“I really needed that steppingstone, that opportunity,” Robert Robbs says with a flash of his signature optimism. The opportunity to which he’s referring is GO Kitchen Ready, a program of Asheville nonprofit community-building organization Green Opportunities. Through a partnership with A-B Tech and the Asheville Independent Restaurant Association, GO offers this free, 15-week culinary training program to Asheville-area low-income adults looking for a second chance (and a ServSafe certification).
Since 2012, GO Kitchen Ready has hosted three training cycles annually, with each cycle instructing an average of 15 students. The program has an impressive success rate: In 2016, for example, 42 students enrolled in the program, and 79 percent of them (33) graduated. Of those students, 72 percent were employed within three months of graduation, the majority within the culinary/hospitality industry.
Executive chef instructor Gene Ettison notes that the job-readiness course can trigger a remarkable metamorphosis. Students who may enter the program jaded or broken from drugs, prison or plain bad luck leave a few months later with a ServSafe certification, 208 hours of culinary training, experiences with some of Asheville’s most lauded chefs and a foundation of culinary arts certification from A-B Tech. “These are people that come to us in active addiction, people that are homeless or in broken homes,” says Ettison, “and [they] ultimately land living-wage jobs and move on to even becoming managers and supervisors in their own right.”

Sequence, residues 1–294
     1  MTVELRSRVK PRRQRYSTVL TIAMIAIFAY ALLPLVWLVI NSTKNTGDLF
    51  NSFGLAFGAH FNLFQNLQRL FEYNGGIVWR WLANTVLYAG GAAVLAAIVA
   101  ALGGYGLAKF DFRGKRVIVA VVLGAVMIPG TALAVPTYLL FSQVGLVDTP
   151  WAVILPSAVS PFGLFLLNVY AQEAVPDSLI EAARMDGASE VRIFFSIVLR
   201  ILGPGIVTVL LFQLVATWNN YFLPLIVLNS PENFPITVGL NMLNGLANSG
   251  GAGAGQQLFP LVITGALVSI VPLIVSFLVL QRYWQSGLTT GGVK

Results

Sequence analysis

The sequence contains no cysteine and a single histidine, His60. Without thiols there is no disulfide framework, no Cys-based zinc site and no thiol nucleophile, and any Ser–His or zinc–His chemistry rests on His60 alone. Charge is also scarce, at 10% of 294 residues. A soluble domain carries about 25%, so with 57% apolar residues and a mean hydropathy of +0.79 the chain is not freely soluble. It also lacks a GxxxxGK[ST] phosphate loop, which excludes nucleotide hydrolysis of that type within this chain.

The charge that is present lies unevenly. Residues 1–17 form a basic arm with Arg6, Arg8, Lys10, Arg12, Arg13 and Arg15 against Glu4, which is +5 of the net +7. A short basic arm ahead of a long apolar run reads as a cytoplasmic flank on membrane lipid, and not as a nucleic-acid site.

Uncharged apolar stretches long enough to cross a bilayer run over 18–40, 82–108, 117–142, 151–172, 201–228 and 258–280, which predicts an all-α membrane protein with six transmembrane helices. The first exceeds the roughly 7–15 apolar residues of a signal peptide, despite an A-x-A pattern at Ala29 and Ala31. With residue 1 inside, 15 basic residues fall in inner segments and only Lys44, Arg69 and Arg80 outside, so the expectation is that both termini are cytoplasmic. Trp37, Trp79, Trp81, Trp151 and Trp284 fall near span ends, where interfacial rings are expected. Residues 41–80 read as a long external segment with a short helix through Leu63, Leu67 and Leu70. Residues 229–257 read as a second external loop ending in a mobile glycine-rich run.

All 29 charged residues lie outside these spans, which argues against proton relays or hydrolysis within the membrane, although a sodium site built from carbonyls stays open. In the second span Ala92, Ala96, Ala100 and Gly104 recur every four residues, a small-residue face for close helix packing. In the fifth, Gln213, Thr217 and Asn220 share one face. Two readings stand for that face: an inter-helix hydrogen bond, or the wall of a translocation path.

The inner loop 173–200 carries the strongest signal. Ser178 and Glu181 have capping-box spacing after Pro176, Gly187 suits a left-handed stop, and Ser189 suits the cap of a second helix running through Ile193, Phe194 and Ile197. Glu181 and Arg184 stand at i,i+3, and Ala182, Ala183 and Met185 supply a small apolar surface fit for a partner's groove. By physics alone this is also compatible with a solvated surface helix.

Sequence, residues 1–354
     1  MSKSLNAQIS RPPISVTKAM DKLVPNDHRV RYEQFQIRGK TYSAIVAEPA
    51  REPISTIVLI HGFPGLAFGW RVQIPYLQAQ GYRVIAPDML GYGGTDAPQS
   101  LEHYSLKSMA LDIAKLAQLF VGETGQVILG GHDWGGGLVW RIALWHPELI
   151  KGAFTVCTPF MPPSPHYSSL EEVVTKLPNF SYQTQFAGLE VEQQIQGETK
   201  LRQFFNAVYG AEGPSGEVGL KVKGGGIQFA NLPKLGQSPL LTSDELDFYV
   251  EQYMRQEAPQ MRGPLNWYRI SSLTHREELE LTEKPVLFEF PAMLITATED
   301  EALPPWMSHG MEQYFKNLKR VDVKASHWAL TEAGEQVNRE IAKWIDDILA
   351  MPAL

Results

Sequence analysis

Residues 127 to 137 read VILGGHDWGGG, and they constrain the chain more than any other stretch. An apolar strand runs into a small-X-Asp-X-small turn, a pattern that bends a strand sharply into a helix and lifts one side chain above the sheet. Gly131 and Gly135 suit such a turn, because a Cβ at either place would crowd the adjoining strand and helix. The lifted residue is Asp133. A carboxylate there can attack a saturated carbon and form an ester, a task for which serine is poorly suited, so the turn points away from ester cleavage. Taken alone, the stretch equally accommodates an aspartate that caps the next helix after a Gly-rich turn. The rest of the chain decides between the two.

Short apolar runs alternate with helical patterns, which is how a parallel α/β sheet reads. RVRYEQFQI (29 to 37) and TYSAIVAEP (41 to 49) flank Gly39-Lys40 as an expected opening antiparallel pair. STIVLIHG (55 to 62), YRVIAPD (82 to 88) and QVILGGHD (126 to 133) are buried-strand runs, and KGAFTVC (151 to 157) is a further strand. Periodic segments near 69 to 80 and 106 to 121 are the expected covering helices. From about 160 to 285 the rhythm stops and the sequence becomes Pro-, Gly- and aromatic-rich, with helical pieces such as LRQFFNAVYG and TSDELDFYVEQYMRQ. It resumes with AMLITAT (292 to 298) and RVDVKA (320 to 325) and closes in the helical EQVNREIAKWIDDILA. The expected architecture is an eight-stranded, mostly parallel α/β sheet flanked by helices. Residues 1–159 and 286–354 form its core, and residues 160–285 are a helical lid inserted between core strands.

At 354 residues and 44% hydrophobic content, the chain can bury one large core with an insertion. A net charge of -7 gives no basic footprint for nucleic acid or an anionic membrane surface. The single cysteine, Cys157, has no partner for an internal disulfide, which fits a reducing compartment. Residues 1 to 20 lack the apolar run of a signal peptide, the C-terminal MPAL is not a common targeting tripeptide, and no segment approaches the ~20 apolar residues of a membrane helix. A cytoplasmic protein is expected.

Graduates of Kitchen Ready aren’t just equipped with skills and released into the wilds of Asheville’s kitchens; they’re offered support from case management specialists and guidance from program administrators like Ettison. “We actually watch students develop into mini-chefs with tons of eagerness to show the world what they have to offer, and I welcome their late-night phone calls for advice, letters of recommendation or just a quick hello,” he says.
Graduates who find success are always welcomed back as leaders and volunteers. Even students who don’t find analogous positions in the culinary field are still rigged with the know-how and — perhaps even more importantly — self-assurance to pursue other careers.
Empathy and compassion
“The GO program gave me my confidence back,” says Sharon Tobolski, who’s advanced quickly since graduating from the Kitchen Ready program in April 2015. She’s already cafe manager at City Bakery’s Charlotte Street shop. It’s the kind of job that requires fleet feet, quick wit and a deep reserve of patience — attributes Tobolski refined in the GO Kitchen Ready program. “I definitely learned patience and discipline and how to work effectively and successfully under pressure during our pop-up dinners,” she points out. “I believe that’s one of the major reasons I have excelled so fast in my current job and why I can handle superbusy and chaotic days at work — which is pretty much every day there,” she says.
The experience of the GO Kitchen Ready program itself is often intense and can pose challenges for students who have to balance its requirements with other responsibilities. “Had I been in the position I am now, where I have to work full time in order to survive, I would not have been able to attend GO,” Tobolski says. She points out that the program follows the schedule of a normal workday, meaning students have to find paying work at night or on weekends. “I feel like it would fit the working-class schedule better if there were evening classes, maybe weekends as well,” she says.